Nay-Theist: Manga only— Koyemshi believes that it's better to think of the mecha battles as natural phenomena and God as a yet-undiscovered law of physics, because "it's better that way" ... Probably because the idea that God might be behind the pruning is not a comfortable thought.
Pet the Dog: Koyemshi can appear nearly sympathetic in the manga, when he displays some signs of care for Machi.
There's also the talk he has with Ushiro just before the final battle of the manga, encouraging him and giving him a reason to fight for the ones close to him, including his still living sister, Miku Tanaka.
Robot Buddy: Subverted—Koyemshi doesn't always tell the kids things they really ought to know.
Sadistic Choice (His treatment of Kana and Jun by the end of the anime, when he tries to manipulate Kana into becoming a pilot and threatening her with forcing Ushiro to do so if she hesitates. Ushiro, however, had asked Youko for help behind his back, and she out-gambits and kills him)
Stern Teacher (In the manga he retakes his human form, becomes the new Kokopelli and goes to another Earth with Zearth. When he recruits the new pilots, he straightforwardly tells them that they'll die after piloting (unlike Garaku/Kokopelli, who couldn't bring himself to do so), but then he adds that he will be the first pilot and show them how to do it right, which triggers the Redemption Equals Death mentioned above.)
Shoot the Dog (has to put a mortally injured Youko out of her misery in the manga, which lets him show a slightly softer side.)
Can't Act Perverted Toward a Love Interest: A very disturbing example of this is applied in the manga; he claims that the fact that he has never had sex with his girlfriend, Chizu's older sister, is proof of his love for her. It only serves to make him seem even more vile.
Jerk Ass: In the anime. His manga incarnation is much worse.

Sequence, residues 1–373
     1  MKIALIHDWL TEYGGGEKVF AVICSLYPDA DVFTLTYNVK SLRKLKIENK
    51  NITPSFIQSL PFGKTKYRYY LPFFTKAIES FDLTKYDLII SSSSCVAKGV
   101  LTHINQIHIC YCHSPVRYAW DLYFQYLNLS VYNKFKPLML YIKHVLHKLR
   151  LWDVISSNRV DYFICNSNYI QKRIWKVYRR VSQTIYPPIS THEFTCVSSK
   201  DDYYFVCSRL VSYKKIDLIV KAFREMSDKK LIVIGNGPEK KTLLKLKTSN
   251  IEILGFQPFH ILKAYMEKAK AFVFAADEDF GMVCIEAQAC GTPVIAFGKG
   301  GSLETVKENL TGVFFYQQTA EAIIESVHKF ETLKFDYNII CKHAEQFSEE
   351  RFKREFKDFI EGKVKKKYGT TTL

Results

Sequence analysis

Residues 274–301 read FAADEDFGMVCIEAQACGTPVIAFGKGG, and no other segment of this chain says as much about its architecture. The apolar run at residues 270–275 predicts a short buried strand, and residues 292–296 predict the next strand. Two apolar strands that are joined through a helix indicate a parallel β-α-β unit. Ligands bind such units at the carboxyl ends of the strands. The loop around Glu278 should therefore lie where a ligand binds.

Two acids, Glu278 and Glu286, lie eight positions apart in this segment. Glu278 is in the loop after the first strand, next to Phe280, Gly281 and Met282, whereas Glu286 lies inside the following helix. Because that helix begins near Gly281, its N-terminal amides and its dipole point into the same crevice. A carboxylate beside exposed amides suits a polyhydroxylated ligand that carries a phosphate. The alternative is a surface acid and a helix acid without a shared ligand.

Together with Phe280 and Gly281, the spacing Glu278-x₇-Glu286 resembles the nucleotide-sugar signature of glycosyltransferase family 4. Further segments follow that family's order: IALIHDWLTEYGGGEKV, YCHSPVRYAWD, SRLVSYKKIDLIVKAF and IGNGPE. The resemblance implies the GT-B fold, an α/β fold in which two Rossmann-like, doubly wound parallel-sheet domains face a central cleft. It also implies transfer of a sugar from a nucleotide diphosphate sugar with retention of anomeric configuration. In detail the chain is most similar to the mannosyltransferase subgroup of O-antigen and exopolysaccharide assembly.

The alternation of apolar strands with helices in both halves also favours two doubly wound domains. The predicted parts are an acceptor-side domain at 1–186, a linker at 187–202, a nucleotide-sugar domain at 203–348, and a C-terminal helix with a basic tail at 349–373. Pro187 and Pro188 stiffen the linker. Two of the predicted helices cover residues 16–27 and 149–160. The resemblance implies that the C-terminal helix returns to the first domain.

Karma Houdini: Chizu backs down from killing him, and in the manga, her family doesn't believe they can legitimately press charges against him after Chizu killed innocent people in the pursuit of her revenge against him.
Hidden Depths: At first, he seems to be just another power-hungry army commander who is only interested in seizing Zearth for their own benefits. Once he learned what's at stake, however, his attitude quickly changed.
Adults Are Useless (Averted in the anime, where he works with other adults (Komo's dad, Kanji's mom, etc.) to find out what is going on and try saving the kids. In the manga he still tries to support Anko as much as he can.)
Reasonable Authority Figure (in the anime, he's a congressman. In the manga, he's in the military, and Komo talking to him is what gets the military involved)
Say My Name: In the manga, he screams his daughter's name as she dies.
Spell My Name with an "S" (He is Kouichi Komoda in the anime, and Tomoe Komoda in the manga. Those two versions could be considered separate characters altogether, as their character designs are different as well: Kouichi looks quite younger than Tomoe, to start.)
The Stoic: In the manga, it's pointed out that he does love his daughter, but is not very good at showing it.
Go Through Me (Attempting to snap Chizuru out of her Roaring Rampage of Revenge, she stands between Zearth's arm and Hatagai and tells her little sister to kill her instead, dumping the blame on herself. Chizu stops, but Ichiko can't save her from dying. In the manga, she knows that Chizu is there. In the anime, she shields Hatagai with her body, without ever seeing Chizu)
Horrible Judge of Character (she's dating Hatagai, 'nuff said. In the manga, she breaks up with him after she learns of what he did to Chizu; in the anime, there's no indication that she finds out about what happened to Chizu)
A boy who pretends to be a Zearth pilot on TV. He ends up being killed for it.
Cassandra Truth: It's obvious to the Zearth pilots and everyone else working with them that he's lying, but not the public; to them, it's more believable than the word of the rival newscaster's daughter.
In-Series Nickname: Anko mentioned the Zearth pilots coined one for him despite never having met him.
Spanner in the Works: By coming forward on TV, he essentially derails the main character's plans regarding Zearth in the media, largely because having the daughter of one of the reporters come forward as a Zearth pilot is less believable than what he says.
Walking Spoiler: His only appearance involves a somewhat significant plot twist.
Show, Don't Tell: In the manga, the viewer has a few pages of exposition on his habits. In the anime, you get to see him at a board meeting, with him saying that he wants to develop the area that was destroyed in Waku's battle, and slapping a subordinate for not closing a deal at its original terms.